“Balvanera takes its name from a historic ‘barrio’, or neighborhood, of Buenos Aires where poets, musicians, and creatives once convened.”
—from Balvanera’s website
Our second visit in as many months has already convinced us that six-week-old Balvanera is one of the very best new informal restaurants to open in Manhattan this year. It’s not likely that our remarkable dinners here, during which we cumulatively ate our way through half the menu, could have been a fluke. Certainly not with Gael Greene’s and other raves creating the kind of insider buzz that is bringing in chefs like Aldea’s George Mendes to check out the simple but passionate cooking of chef-owner Fernando Navas, an alum of the kitchens at elBulli, Nobu, and Samba Brands Management (of Sushi Samba fame).
And yet there were several tables open last night when we left the restaurant after an early dinner. Our theory? It’s partly the same reason we thought we’d never even bother visiting Balvanera: We’d read in Laura Catena’s wonderful book Vino Argentino (2010) that the typical portion size at an Argentine meal is 16 ounces(!) of meat per person. (Woof!) And with Americans having decreased their per-capita meat consumption over the past five years (with future declines predicted), meat-driven cuisines appear to be declining in popularity in turn. We certainly weren’t interested in checking out what we’d mistakenly thought might be “yet another steak joint.”
Meredith Boyle and chef-owner Fernando Navas at Balvanera
But while the flavor influences at Balvanera may be Argentinian, the spirit and execution here are lighter and definitely more produce-driven (with several vegetarian options), perhaps “more reflective of women’s sensibility,” suggests the restaurant’s very masculine chef-owner Navas, whose girlfriend Meredith Boyle brings gracious hospitality to the front of the house several nights a week. “We are proud of all of our dishes here, but especially the variety of vegetable-based dishes we offer,” he says.
Left: Empanadas Caseras / Center: Papas Rotas / Right: A Chocolate Dream
As well he should be. The omnivore friend we met at Balvanera last night deemed Navas’s empanadas (we’d ordered the ones with sweet corn, roasted red pepper, provolone, and aji amarillo; 2 for $8) the best he’d ever had. We’d tasted the wonderfully crispy Papas Rotas (served with roasted garlic aioli and pimento; $5) last month, so logic deemed we didn’t need to try them again — but our hearts felt otherwise. They were even better last night.
Fava Y Ricotta Tostadas: Housemade Soft Cheese, English Peas, Lemon Vinaigrette
The Tomates y Fresas salad of heirloom tomatoes, fennel, strawberries, arugula and arrope reduction ($16) turned tomatoes into the fruit our grade school science class taught us they were — while in Navas’s hands, the strawberries found new soulmates in the savory ingredients in this tart but balanced salad. Added to the menu since our last visit, the Fava y Ricotta Tostadas (made with housemade soft cheese, English peas, and lemon vinaigrette; $11) proved to be our favorite fava dish of the season.
We shared the Setas Salteadas ($18), happy to dig into a bed of barley blanketed with meaty yet silky king trumpet, blue foot and shiitake mushrooms and a poached egg, just as our omnivore friend enjoyed his dish from the other side of the menu.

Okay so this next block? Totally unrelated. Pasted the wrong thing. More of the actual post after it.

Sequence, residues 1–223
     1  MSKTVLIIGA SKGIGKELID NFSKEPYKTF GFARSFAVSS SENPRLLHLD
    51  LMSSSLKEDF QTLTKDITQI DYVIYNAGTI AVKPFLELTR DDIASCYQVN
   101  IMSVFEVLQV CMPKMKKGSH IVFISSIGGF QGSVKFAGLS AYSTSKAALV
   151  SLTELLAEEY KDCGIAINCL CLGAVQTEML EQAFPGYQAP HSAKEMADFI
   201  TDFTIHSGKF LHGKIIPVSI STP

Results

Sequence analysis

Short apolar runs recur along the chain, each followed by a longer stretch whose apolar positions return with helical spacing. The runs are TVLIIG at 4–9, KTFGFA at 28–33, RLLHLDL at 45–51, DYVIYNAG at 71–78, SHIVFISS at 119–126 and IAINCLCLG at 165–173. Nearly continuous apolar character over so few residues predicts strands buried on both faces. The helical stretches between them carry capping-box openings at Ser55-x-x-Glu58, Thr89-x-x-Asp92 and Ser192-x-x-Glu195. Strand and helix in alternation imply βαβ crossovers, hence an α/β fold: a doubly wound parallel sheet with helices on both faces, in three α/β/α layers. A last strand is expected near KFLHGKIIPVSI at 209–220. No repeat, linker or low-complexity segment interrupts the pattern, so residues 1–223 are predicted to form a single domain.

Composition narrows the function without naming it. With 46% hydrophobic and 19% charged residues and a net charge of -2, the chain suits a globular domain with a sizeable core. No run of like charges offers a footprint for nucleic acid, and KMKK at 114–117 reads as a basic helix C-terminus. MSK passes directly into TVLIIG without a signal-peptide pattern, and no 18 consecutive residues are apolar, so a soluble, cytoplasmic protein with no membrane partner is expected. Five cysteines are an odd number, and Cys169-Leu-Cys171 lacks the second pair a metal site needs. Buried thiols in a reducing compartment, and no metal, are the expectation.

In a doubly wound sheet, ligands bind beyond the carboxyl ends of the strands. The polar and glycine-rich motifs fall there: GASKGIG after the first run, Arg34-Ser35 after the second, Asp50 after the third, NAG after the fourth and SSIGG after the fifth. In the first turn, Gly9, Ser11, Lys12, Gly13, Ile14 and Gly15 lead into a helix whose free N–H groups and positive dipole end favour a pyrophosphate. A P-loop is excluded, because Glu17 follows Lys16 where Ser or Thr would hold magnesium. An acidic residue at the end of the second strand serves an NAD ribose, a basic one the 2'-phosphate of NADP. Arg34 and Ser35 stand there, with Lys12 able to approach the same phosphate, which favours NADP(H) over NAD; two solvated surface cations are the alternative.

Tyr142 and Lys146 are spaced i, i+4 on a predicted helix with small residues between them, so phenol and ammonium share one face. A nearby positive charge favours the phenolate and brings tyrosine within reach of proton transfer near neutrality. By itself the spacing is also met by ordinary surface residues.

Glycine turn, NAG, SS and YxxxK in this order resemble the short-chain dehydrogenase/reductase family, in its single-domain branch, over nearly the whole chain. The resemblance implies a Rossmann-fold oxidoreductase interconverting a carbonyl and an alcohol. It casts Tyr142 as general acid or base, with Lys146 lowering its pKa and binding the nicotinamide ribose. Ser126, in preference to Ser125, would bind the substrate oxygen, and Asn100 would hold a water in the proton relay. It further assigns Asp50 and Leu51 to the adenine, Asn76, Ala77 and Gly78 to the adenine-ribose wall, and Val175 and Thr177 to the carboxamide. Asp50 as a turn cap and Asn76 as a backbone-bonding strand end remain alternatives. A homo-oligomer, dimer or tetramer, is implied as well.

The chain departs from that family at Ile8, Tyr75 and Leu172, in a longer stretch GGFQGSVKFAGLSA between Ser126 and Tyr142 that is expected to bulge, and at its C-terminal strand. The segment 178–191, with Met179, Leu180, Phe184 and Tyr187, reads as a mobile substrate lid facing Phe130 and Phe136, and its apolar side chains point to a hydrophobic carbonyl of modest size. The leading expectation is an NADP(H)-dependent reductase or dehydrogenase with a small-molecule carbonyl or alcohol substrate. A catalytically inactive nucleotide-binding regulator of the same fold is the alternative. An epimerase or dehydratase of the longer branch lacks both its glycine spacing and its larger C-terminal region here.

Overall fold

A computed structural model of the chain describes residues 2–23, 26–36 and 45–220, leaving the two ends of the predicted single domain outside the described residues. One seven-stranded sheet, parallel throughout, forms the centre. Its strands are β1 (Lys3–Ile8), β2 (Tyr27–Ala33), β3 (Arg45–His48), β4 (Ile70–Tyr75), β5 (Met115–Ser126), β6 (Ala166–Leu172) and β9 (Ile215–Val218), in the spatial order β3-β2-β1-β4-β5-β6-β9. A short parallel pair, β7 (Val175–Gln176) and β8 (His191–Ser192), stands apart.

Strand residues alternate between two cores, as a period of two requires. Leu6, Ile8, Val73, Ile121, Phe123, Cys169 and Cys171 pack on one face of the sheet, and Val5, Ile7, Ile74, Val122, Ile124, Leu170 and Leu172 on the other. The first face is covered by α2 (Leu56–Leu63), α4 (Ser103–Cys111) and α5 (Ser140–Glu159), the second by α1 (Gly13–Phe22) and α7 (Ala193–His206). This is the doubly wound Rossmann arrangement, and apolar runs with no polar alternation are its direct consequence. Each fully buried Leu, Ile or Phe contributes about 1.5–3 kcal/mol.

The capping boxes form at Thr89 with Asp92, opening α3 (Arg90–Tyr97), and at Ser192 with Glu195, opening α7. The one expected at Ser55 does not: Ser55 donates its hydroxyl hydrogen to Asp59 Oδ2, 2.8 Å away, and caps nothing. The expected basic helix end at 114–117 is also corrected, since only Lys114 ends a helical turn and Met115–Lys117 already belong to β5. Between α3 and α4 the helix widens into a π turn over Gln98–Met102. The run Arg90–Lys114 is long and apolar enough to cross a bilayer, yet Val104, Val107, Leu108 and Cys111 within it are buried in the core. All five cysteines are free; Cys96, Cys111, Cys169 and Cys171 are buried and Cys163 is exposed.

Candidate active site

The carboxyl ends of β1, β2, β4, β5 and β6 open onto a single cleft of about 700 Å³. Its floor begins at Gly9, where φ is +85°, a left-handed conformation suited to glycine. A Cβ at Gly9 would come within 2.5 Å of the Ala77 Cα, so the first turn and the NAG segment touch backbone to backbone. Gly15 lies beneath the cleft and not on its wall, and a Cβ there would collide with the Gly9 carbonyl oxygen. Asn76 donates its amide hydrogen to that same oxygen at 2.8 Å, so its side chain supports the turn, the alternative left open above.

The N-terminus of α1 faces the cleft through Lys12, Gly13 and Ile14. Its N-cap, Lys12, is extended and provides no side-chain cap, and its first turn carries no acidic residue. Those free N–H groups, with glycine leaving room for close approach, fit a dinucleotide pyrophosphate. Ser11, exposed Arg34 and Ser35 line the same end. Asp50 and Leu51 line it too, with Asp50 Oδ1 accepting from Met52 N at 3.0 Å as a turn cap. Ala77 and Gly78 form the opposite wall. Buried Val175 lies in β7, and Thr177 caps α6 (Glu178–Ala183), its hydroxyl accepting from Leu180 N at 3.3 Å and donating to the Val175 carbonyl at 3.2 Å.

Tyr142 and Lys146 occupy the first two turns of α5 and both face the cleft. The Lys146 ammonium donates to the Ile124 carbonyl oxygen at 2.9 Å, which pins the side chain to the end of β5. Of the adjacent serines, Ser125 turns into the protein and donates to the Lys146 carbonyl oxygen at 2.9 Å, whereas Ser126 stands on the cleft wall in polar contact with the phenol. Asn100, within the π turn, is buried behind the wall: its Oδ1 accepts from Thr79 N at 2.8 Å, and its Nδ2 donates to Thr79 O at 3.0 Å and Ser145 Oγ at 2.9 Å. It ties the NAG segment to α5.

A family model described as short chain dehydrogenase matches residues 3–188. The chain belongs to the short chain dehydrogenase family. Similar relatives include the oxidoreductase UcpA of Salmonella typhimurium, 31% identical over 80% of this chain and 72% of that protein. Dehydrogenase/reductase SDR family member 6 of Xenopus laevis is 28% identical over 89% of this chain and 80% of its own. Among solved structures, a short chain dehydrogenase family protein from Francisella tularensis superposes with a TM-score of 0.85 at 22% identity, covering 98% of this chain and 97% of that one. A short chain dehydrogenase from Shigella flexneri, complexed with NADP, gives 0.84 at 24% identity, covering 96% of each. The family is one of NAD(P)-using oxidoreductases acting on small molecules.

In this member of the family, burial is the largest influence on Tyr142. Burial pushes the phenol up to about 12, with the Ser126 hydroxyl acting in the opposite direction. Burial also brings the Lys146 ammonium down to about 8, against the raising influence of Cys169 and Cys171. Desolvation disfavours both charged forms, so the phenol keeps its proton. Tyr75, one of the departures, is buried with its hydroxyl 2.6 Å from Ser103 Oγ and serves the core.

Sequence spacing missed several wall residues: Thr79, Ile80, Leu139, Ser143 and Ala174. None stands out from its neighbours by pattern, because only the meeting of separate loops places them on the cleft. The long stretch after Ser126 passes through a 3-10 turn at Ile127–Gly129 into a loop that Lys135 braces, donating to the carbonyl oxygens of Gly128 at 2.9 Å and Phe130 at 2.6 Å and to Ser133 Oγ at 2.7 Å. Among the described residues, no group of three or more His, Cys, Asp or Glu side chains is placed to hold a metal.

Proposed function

Zanahoria al horno: Roasted Carrots, Queso Fresco, Oranges, Escarole, and Pepitas
We might dub the past year to be “The Year of the Carrot,” having tasted as many extraordinary carrot dishes as we have at Eleven Madison Park (Daniel Humm’s carrot tartare), Narcissa (John Fraser’s carrots Wellington), and Public (Brad Farmerie’s roasted carrots with cauliflower couscous). We’d definitely add Navas’s Zanahoria al Horno, an enchanting tangle of flavors and textures ($10), to that all-star list.
Iced Mate: Brewed Yerba Mate + Lemon + Honey + Sugar
Later last night we were still planning to put finishing touches on the keynote speech we’ll be delivering at the International Food Bloggers Conference (IFBC) this coming weekend in Seattle, so we skipped the wine list in favor of Balvanera’s refreshing house summer drink: Iced (Yerba) Mate, which is flavored with lemon, a dash of honey, and a hint of cane sugar, and garnished with a husk cherry, large blackberry, and three slices of lemon. We ordered seconds, along with a dessert to share: a creamy nearly-room temperature chocolate cloud that seemed a cross between a mousse and a ganache, perfectly balanced by a bit of fruit salad and citrus sorbet.
Service at Balvanera is warm and welcoming — maybe because the dining room is serviced by the able and personable husband-and-wife team of (bartender) John and (server) Maren, native Minnesotans who just moved to New York with their Midwestern sweetness intact. We love that these happy couples are adding their homey touch to this corner of the Lower East Side — which we hope more guests will soon treat themselves to the pleasure of experiencing while supporting this outstanding newcomer.
Flavor Pairings & Affinities
Balvanera is at 152 Stanton Street (near Suffolk), on Manhattan’s Lower East Side. 212.533.3348. www.balvaneranyc.com